Monday, June 5, 2017

California Bar Passage Rates Continue Descent Into the Toilet, in February 2017: Overall Pass Rate of 34.5 Percent

Flush!: On June 1, 2017, Above the Law featured a Staci Zaretsky piece entitled “California Bar Exam Results By Law School (February 2017).” Look at this prelude:

“Shocking results from the February 2017 administration of the California bar exam were released on May 12, 2017. Given the disappointing overall pass rate, people have been wondering about the pass rates by law school ever since. 

The only information we’ve had until now has been the frighteningly low overall, first-time taker, and repeat taker pass rates of 34.5 percent, 39 percent, and 33 percent, respectively. We also knew the overall pass rates for first-time takers who attended ABA-accredited law schools, both in-state (45 percent) and out-of-state (39 percent). Granted, February pass rates are generally lower than July pass rates due to the number of repeat takers, but here at Above the Law, we are focused on first-time takers, and these pass rates are very, very low.” [Emphasis mine]

Two paragraphs later, ATL gets down to assessing the performance for each ABA-accredited diploma mill: 

“Which in-state law schools did the best on the test, and which schools did the worst? We now pass that information along to our readers, with the caveat that it only includes California law schools that had at least 11 first-time and repeat takers, or no first-time takers and at least 11 repeat takers. The Bar disseminates information in this manner to help shield the identities of graduates of law schools that had fewer test-takers during each administration of the bar exam. 

Here’s a list we’ve created of pass rates for first-time takers on the February 2017 administration of the exam for all ABA-accredited California law schools that had 11 or more test-takers for the exam. Take a look:

• Santa Clara: 69 percent 
• Loyola (LA): 67 percent
• Western State: 67 percent 
• UCLA: 64 percent 
• Pepperdine: 59 percent 
• U. San Diego: 53 percent 
• McGeorge: 50 percent 
• California Western: 45 percent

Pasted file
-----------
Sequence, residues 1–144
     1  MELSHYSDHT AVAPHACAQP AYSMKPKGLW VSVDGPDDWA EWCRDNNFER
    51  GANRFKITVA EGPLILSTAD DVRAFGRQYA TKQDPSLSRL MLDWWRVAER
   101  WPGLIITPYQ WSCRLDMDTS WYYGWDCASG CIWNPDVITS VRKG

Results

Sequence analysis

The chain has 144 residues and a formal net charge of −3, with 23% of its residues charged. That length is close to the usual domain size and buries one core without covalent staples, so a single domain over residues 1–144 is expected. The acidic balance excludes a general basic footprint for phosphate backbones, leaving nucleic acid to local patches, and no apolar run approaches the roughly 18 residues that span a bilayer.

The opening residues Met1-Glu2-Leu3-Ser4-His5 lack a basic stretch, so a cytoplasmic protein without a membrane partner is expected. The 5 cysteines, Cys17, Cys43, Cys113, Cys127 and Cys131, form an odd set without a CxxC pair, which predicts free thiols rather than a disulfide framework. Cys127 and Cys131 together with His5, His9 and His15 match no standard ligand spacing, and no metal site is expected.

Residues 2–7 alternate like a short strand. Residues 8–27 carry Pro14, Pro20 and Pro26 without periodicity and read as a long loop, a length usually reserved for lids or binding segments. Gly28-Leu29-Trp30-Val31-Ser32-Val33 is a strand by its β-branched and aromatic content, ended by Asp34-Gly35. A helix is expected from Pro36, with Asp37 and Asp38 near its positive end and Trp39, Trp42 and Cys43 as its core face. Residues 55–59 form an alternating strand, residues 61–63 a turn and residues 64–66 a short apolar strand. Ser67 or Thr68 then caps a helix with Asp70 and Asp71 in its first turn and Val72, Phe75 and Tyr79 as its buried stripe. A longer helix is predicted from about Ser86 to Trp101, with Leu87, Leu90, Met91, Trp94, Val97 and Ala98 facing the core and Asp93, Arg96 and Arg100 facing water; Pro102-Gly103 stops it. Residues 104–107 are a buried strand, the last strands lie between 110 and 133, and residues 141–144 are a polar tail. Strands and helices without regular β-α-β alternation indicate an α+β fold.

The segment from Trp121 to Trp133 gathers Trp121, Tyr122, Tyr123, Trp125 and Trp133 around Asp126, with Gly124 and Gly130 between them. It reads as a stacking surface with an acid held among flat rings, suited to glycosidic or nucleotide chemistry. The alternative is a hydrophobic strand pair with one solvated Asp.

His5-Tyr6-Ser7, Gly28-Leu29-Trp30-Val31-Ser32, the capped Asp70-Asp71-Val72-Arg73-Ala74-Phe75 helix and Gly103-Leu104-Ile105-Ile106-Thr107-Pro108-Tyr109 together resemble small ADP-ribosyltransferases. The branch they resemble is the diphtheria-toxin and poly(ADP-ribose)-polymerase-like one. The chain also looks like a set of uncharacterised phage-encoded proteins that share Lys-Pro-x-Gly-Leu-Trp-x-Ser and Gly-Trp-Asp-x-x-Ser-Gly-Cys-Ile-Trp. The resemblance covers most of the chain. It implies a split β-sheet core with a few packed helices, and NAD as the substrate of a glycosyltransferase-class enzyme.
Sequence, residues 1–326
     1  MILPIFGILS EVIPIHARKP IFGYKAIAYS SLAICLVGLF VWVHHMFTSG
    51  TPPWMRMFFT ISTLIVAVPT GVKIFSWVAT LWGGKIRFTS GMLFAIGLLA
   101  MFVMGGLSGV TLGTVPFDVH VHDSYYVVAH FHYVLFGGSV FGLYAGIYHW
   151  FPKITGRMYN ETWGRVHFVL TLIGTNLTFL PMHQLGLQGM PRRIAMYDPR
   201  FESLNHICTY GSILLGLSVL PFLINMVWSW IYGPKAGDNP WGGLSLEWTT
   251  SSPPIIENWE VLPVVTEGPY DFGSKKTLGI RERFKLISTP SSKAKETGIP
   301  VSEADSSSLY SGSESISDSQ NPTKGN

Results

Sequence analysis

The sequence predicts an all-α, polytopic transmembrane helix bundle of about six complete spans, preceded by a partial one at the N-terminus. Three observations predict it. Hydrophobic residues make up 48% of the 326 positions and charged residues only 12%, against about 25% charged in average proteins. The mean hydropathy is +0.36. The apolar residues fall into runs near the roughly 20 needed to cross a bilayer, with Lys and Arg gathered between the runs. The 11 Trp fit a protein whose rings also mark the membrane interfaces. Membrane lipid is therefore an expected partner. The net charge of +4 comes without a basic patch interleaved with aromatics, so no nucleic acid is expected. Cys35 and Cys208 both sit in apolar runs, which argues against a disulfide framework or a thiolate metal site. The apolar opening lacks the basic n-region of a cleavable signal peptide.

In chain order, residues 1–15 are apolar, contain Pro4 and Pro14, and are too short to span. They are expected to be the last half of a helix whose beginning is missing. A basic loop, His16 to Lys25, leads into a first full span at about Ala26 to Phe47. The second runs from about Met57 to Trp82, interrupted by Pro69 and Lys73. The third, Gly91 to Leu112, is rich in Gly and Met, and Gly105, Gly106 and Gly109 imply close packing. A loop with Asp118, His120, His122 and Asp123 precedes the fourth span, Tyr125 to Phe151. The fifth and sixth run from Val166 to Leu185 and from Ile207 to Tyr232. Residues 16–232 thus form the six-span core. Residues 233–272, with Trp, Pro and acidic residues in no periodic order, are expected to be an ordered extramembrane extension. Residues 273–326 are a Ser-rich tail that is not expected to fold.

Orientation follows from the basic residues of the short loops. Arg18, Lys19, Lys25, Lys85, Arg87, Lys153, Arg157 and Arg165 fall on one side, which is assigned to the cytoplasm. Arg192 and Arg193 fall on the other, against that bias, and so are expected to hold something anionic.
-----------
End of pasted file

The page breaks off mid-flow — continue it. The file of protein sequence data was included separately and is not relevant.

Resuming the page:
• Golden Gate: 33 percent 
• U. San Francisco: 31 percent 
• UC Hastings: 27 percent 
• Southwestern: 24 percent 
• Thomas Jefferson: 24 percent” [Emphasis mine]

In a just world, anyone who attends the worst toilets on this list would not be eligible for federal student loans – and would instead need to come up with collateral and obtain private funding for their garbage “legal education.” Then again, “higher education” is a financial windfall – for the institutions.

Other Coverage: On May 15, 2017, JD Journal published a Teresa Lo piece, under the headline “February 2017 California Bar Exam Results – Almost 2/3 of Applicants Failed.” Enjoy this opening:

“On Friday, the California State Bar released its official test results, and only an abysmal 34.5% of test takers were able to pass the notoriously difficult exam. The passage rate for first-timers was slightly better, but it was still an unimpressive 39%. These rates were a decline from last year where the overall passage rate was 35.7 percent, and the first-time takers’ passage rate was 45 percent. In California’s press release, Elizabeth Rindskopf Parker, the Executive Director of the State Bar of California, acknowledged the decline and the Board stated it was conducting an investigation, which will begin May 15. “I’d like to congratulate the applicants who passed the Bar Exam,” Parker said. “Regrettably the pass rate shows a continuing decline, a trend happening nationally. The State Bar is committed to a better understanding of the problem to determine how to address it.” [Emphasis mine]

Still want to take the plunge, Dumbass?!?! You can already see that the law school pigs will make a major push to have the state bar exam simplified, for their cretinous students and graduates. Hell, why not make it as difficult as a Driver’s License test, right?!?! After all, California already has an incredible GLUT of attorneys. This has been well-documented for years.